Pregnant women should not get immunised against measles. If you're pregnant and think you may have measles or have come in contact with someone with measles, you should call your general practice, lead maternity carer or Healthline on 0800 611 116 as soon as possible.

Advice for infants

Infants under 12 months old are best protected if family members, whānau and carers have had their vaccinations.

Infants 12–15 months old who live in the Auckland region are eligible for the first dose of the free MMR vaccine immediately.

Infants 12–15 months old who will be travelling to the Auckland region should be taken to a clinic for a free dose of the MMR vaccine at least two weeks before travelling to build immunity.

Infants who do not live in the Auckland region and do not plan to travel there should receive the first dose of MMR vaccine at 15 months old as usual.

Infants aged 6 to 15 months travelling overseas should receive an early dose of the MMR vaccine at least two weeks before travelling to a country with an active measles outbreak. This includes a number of countries and regions, including Hong Kong, the United States and Canada, as well as parts of Europe and Southeast Asia.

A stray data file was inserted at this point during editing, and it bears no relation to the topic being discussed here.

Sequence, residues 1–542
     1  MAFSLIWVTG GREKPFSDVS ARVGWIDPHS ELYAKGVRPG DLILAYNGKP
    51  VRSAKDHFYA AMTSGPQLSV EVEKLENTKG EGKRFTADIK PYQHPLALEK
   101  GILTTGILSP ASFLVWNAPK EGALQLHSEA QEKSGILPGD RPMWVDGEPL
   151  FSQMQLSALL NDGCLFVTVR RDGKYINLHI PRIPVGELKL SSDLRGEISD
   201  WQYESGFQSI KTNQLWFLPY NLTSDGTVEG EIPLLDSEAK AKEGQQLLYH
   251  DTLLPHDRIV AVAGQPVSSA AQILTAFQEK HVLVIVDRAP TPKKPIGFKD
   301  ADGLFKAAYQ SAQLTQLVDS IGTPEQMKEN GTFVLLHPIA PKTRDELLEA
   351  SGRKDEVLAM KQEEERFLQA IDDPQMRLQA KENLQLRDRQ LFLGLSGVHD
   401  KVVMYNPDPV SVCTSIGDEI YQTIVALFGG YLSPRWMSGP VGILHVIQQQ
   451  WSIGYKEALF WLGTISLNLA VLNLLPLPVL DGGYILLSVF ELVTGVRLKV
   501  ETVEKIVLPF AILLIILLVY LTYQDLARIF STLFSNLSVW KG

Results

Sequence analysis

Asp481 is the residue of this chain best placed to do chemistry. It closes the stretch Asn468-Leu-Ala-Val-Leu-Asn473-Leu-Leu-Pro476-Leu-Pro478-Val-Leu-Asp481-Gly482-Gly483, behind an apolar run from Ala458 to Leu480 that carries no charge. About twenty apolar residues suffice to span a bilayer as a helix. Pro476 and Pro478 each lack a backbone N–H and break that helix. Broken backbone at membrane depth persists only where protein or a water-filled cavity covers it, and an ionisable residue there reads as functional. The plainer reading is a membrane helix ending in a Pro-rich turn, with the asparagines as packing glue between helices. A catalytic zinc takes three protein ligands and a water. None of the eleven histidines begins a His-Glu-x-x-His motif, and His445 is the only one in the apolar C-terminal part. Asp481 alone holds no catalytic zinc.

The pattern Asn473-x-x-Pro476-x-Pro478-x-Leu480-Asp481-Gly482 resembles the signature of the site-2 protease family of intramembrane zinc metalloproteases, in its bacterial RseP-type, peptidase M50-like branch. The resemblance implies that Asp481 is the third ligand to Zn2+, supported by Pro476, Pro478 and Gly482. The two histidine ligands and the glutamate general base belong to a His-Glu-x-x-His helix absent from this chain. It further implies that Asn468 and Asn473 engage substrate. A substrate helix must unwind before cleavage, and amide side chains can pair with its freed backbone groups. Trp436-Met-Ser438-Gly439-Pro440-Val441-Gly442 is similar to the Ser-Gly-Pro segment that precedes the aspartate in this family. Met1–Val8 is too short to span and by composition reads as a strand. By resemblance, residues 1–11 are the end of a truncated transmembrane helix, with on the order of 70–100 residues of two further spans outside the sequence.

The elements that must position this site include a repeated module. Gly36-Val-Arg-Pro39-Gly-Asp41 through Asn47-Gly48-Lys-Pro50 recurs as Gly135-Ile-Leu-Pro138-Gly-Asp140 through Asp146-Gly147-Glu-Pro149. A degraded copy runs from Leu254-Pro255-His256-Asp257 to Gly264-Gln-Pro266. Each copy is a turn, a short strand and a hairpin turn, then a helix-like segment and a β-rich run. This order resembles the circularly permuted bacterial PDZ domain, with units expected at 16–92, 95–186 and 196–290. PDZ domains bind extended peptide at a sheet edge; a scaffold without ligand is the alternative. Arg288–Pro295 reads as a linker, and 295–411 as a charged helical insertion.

To find out if your family’s intended destination is dealing with a measles outbreak, visit the Centers for Disease Control and Prevention Destinations tool.

Infants who get an MMR vaccine before their first birthday will still need the usual doses at 15 months and 4 years to ensure full immunity.

Advice for those between 15 and 29 years old

If you are between the ages of 15 and 29, you should check your immunisation records to make sure you received two doses of the MMR vaccine as a child. If you didn’t receive two doses, or can’t confirm whether you did or not, you should visit a clinic for a free measles vaccine.

Advice for those over 50

Because measles used to be very common, people over the age of 50 are considered immune and don’t need an immunisation.

Measles at schools

Children who have not been immunised or who are immunocompromised should stay away from schools where measles cases have been reported. 

The local Medical Officer of Health can direct individual students who are at risk of transmitting measles to stay at home and will announce when it’s safe to return to the school. School principals can also issue these directions themselves after consulting with Medical Officers of Health.

Mass gatherings and events

At this stage the Ministry does not recommend event organisers cancel events such as concerts, sports events, festivals or other public congregations. However, we suggest organisers work closely with their local DHBs and Public Health Units for the latest advice.